[5] Here we further investigate these issues by using near-surface wind data from the European Centre for Medium-Range Weather Forecasts Reanalysis (ERA-40) Project to examine low frequency variability in annual TC power dissipation (PD) [Bister and Emanuel, 1998; Emanuel, 1998, 2005] globally from 1958 to 2001. This approach complements previous estimates by utilizing a different data source, adopting a more objective analysis approach, and making fewer assumptions, although this approach does not come without its own costs. By focusing on low frequency PD variability, we eliminate shorter varying processes such as the QBO and ENSO. This paper is organized as follows: section 2 discusses the background theory of PD, section 3 details the methods used in our study, section 4 contains calculated PD trends and discusses the use of reanalysis data on the PD/SST correlations, and section 5 provides a summary of our conclusions and their implications.

2. Power Dissipation (PD)

[6] Recent studies comment on the observed increase in the occurrence of intense TCs and the possible link that may exist between this increase and changes in tropical SST. Power Dissipation (PD) [Bister and Emanuel, 1998; Emanuel, 1998, 2005] is an integrated measure of dissipation within TCs and is defined as:

equation image



- surface drag coefficient


- surface air density


- magnitude of the surface wind

and the integral is over the radius to an outer storm limit given by ro and over τ, the lifetime of the storm. This quantity is a measure of the potential destructiveness of a TC based on surface wind speed and storm duration. Since historical records do not usually include storm dimensions, Emanuel [2005] approximates the total PD expression as the Power Dissipation Index (PDI) defined as:

equation image

where Vmax is the maximum sustained wind speed at 10 meters. PDI assumes the product CDρ is constant and that V over the storm's footprint scales with Vmax. By calculating PDI for TCs occurring in the Atlantic and northwestern Pacific regions from 1950 to 2003, Emanuel [2005] showed the approximate measure of TC dissipation in these regions is highly correlated with tropical SST.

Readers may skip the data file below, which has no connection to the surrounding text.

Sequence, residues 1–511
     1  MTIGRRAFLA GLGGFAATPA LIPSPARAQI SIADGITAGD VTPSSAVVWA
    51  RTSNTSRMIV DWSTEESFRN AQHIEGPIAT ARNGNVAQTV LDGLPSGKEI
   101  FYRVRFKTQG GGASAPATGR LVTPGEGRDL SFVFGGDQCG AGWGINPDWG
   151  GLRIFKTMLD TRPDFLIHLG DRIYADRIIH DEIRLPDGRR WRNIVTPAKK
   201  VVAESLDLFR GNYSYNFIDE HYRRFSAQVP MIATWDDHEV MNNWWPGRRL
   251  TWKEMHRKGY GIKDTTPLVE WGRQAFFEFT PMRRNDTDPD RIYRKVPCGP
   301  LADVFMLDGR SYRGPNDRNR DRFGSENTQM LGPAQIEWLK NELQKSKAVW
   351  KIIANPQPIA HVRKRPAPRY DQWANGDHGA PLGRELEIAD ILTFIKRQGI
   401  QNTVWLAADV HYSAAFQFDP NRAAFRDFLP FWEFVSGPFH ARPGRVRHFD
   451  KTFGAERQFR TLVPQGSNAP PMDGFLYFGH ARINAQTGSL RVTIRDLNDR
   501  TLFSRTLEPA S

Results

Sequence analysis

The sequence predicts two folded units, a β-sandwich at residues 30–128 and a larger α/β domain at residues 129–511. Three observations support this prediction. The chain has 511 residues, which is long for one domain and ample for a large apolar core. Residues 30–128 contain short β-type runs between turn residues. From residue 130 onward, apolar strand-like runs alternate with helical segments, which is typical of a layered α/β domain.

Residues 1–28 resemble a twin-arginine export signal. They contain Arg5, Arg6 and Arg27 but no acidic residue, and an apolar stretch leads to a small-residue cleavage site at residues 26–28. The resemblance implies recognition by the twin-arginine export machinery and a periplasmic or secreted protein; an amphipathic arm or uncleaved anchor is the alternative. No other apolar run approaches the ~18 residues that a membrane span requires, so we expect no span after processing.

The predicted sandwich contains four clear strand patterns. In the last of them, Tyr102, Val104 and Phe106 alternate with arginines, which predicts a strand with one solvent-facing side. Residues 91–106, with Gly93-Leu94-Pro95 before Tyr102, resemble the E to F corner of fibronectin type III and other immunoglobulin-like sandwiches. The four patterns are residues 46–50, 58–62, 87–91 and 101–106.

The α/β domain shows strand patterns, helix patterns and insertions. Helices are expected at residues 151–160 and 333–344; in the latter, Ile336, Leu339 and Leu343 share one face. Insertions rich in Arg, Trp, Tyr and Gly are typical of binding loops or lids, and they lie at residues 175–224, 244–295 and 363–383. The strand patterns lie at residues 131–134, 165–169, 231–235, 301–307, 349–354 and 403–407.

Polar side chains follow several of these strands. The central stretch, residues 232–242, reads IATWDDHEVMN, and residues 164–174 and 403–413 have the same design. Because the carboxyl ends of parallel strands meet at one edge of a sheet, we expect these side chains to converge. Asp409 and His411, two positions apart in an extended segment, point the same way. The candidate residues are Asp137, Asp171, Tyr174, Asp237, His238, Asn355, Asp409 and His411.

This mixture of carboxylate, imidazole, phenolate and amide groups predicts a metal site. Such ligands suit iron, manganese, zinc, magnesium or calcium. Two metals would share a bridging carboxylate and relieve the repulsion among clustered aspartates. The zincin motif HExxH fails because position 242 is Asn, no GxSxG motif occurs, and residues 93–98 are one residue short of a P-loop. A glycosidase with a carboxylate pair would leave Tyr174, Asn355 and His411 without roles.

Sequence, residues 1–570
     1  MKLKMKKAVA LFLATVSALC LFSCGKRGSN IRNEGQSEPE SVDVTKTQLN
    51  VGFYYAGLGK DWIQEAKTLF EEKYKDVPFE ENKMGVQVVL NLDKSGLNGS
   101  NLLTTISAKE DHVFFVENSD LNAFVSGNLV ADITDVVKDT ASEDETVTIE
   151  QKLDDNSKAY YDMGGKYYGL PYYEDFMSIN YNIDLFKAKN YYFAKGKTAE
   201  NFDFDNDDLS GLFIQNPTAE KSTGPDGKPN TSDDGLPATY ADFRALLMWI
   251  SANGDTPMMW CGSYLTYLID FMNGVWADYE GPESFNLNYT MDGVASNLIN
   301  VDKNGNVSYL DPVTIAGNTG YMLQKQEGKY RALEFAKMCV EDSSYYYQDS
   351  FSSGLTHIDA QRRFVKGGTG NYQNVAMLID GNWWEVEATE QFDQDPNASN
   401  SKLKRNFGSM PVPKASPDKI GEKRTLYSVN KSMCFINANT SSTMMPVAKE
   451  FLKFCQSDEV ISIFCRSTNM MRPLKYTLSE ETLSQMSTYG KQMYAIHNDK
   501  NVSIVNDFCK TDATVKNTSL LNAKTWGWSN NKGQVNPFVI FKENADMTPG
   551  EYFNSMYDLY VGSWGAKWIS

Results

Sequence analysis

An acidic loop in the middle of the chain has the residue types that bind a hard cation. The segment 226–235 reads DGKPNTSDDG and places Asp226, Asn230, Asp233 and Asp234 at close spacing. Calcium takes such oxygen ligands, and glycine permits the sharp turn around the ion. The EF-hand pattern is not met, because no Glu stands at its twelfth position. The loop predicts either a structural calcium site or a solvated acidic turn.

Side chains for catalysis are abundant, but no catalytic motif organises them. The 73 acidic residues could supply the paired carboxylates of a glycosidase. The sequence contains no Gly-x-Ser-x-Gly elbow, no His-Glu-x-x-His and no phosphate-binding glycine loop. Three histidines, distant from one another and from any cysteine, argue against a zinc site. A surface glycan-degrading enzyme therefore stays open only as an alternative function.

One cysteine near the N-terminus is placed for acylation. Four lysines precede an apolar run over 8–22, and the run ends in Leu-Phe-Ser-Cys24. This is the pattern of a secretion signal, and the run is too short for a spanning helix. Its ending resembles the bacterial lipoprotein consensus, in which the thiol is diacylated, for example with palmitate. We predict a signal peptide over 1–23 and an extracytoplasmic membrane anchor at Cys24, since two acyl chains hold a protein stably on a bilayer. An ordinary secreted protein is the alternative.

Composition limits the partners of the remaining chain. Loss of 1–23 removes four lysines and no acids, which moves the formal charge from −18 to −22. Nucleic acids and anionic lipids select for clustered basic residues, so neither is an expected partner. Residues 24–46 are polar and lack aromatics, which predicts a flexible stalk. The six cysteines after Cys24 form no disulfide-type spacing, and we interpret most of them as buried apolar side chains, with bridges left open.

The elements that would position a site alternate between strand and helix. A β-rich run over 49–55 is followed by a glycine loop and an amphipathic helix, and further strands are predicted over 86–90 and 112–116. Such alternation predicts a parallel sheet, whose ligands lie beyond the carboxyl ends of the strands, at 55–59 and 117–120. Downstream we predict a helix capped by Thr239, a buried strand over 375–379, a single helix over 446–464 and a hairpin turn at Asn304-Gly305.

[7] By using the ERA-40 high-resolution wind data, we circumvent the geometric problems faced when using historical winds. Here we introduce our estimation of PD as:

equation image

where CD and ρ are assumed constant and equal to 0.002 and 1 kg/m3, respectively. In this expression for PD, we area integrate the ERA-40 wind field over each storm at 6 hour intervals. The inclusion of the area integral allows us to represent more accurately the TC wind profile with respect to PDI, which only includes the maximum sustained winds. By using ERA-40, we avoid making ad hoc and subjective adjustments to TC winds. Moreover, whereas the Emanuel [2005] study was limited to estimating PDI trends in the Atlantic and northwestern Pacific regions, here we calculate ERA-40-derived PD for all TCs globally. By using unadjusted wind data throughout the ERA-40 project period and including all TC activity globally, we are able to test more robustly the hypothesis that globally integrated TC dissipation is highly correlated with tropical SST.

[8] While shortcomings in the reliability of ERA-40 wind data exist, especially prior to 1979, we do not attempt to correct them here. Instead, results of this study are presented as an independent, uncorrected, and robust representation of trends in global TC activity as a compliment to the results of previous studies discussed above.

3. Methods

[9] We use 10 meter wind speed, two meter air temperature (2MT), and SST data from ERA-40 to investigate low frequency variability in trends of TC frequency and intensity. These data are analyzed 4 times daily at a spatial resolution of 1.125x1.125 degrees, and we have area weighted all data. The ERA-40 project period begins in September, 1957 and ends in August, 2002, and we use the time period from 1958 to 2001 for our study to achieve a global representation of TC activity.

[10] TCs have not been ‘bogussed’ into ERA-40 or otherwise adjusted or augmented to match observations beyond the standard process of assimilation [Fiorino, 2002] (Uppala, personal communication, 2006), which makes the results presented here truly independent of ‘best track’ approaches used in previous studies. Despite the lack of bogussing, Uppala et al. [2004] found that ERA-40 has a credible representation of aspects of TCs. After 1978, consistently more than 90% of southern hemisphere TCs were detected in ERA-40, whereas 90% or more of TCs occurring in the northern hemisphere were detected throughout the entire project period [Uppala et al., 2004]. This success provides an initial basis for our study, indicating that—at least after 1978—ERA-40 might contain useful information about TC activity. Furthermore, an initial analysis of the Accumulated Cyclone Energy (ACE) index [Trenberth, 2005] calculated from the maximum sustained ‘best track’ wind speeds in the Atlantic basin compares favorably with ACE derived from ERA-40 surface winds. Preliminary results yield a correlation of r2 = 0.86 between the two time series (see auxiliary material Figure S1), supporting the notion that ERA-40 reanalysis correctly distinguishes TC winds from the background wind field.